Testing design concepts for a new financial product | CIVITTA

Testing design concepts for a new financial product

Project description

A client who is developing a financial and investment service in the format of an application and a web platform asked our help in choosing the best logo for their product.

The client developed design concepts in advance, tested them on the potential audience and provided us with 38 ready-made design solutions within 6 broad design concepts. Our task was to test the proposed options and choose the logo variant that best suited the FinTech product being developed.

It is worth noting that in this case, the client took a rather responsible approach to developing a logo for his product. In many cases, when developing logos, companies give designers a terms of reference without relying on any research, and then just subjectively choose the option that seems most attractive to them. This approach is short-sighted, since not always the most visually appealing design solution is the best for a particular product. Such an approach ignores users’ associative perception, which leads to negative consequences. Subjective judgments should not be the basis for making decisions.

Good design ideas are based on the use of product perception features, the ability to form the right associations, actualize the right images in the mind and imagination, and evoke certain emotions. This requires special preliminary studies.

Main goals of the project 

Our main goal was to choose the best logo for the client’s product out of the 38 proposed. The the best of the proposed logo can be considered the one that evokes associations in potential users similar to the positioning of the product (finance, IT, etc.), and at the same time is considered attractive by users.

Methodology used

To meet the client’s objective, we conducted a quantitative study in the format of an online survey. The survey involved 609 residents of Belarus aged 18 to 55 who have average or above average income and are interested in investment activities.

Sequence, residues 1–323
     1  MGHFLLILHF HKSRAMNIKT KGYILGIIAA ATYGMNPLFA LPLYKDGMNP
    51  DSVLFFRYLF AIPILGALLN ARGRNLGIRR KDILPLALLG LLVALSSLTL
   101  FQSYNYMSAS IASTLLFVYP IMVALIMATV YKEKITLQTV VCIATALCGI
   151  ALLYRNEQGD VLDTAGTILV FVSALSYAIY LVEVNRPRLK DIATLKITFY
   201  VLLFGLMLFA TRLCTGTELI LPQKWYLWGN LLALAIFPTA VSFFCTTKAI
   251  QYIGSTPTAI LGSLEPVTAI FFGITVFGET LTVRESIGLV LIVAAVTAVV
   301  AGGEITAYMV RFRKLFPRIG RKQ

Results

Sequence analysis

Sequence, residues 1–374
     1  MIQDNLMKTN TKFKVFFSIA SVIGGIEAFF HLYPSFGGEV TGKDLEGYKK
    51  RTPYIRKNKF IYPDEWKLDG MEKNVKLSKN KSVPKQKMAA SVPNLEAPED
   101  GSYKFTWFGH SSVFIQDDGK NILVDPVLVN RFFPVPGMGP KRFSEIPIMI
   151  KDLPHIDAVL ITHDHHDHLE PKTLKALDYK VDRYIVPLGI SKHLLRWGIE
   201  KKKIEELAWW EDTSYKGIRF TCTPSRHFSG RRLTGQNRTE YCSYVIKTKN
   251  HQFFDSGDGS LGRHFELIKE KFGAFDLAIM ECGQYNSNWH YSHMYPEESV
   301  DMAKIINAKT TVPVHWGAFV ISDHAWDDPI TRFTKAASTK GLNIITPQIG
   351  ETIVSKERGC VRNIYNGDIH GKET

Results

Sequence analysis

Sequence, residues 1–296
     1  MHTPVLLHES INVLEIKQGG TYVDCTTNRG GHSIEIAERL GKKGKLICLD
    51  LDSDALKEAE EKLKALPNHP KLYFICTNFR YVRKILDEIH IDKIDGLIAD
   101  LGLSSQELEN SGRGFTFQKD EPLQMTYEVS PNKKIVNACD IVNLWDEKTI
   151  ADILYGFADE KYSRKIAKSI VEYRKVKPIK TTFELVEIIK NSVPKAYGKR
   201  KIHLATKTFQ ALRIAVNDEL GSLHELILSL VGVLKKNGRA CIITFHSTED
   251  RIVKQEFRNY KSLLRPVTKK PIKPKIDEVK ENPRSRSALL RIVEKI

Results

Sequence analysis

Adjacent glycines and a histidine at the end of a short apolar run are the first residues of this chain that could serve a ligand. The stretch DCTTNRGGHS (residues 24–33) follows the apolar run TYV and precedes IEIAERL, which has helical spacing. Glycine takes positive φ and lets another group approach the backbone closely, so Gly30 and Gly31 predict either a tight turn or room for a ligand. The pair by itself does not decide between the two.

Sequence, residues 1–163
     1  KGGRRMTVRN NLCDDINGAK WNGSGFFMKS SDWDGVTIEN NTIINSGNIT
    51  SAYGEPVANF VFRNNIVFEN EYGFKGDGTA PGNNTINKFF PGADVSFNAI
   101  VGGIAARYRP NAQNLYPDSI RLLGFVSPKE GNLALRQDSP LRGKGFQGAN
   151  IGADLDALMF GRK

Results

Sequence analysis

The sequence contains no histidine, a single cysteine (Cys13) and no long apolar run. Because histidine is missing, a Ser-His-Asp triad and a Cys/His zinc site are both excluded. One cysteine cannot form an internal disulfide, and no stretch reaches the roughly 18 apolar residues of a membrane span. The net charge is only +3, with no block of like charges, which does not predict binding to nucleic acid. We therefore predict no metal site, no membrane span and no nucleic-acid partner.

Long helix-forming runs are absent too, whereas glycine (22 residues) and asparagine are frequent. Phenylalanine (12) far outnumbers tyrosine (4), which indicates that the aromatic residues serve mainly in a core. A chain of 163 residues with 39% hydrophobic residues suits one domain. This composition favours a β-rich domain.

Under the given conditions and goal, we had certain limitations. First, the respondents were simply physically unable to compare 38 logo options at once. Secondly, people in general cannot assess themselves and their perceptions correctly and objectively. For example, we can’t assess a person’s intelligence by asking the question “Are you a smart person?”, similarly we can’t conclude which design is better by asking questions like “Which design option would you be more likely to buy the product in?” In the first case, the opinion is likely to simply not correspond to reality, and in the second it can generally lead to erroneous and harmful decisions for business.

To overcome the named limitations, we used a rigorous scientific approach, as we always do. Sophisticated multivariate statistical methods were used to objectively assess perceptions and circumvent direct questions. In order the respondents are able to compare all 38 logos, we used the MaxDiff method of choosing the best option by comparing all the possible options with each other – each participant was shown 19 shows of four logos in random order, from which they had to choose the most liked and least liked (19 sets of 38 logos in each were formed beforehand). In addition, we developed and calculated special indices to determine the best options for the huge data arrays we encountered.

What made our study unique was that we were able to extract and process huge amounts of data from a very short questionnaire that took respondents no more than 10-12 minutes to complete. Rarely do comparable studies achieve such a ratio of time spent by respondents to the amount of valuable data extracted. 

Main results of the project

As a result of the study, the client was given a 78-page report with a detailed assessment of the perception of each of the proposed concepts. The best logo option out of the 38 proposed was recommended.

It was interesting that in a comprehensive assessment of logo perception, a rather unexpected option turned out to be the best. The logo that was perceived by respondents as the most attractive was not associated with the FinTech product, while the logo that most coincided with the positioning of the client’s service seemed completely unattractive to potential users. This fact once again underlines the importance of prior research and a rigorously scientific approach to logo design.

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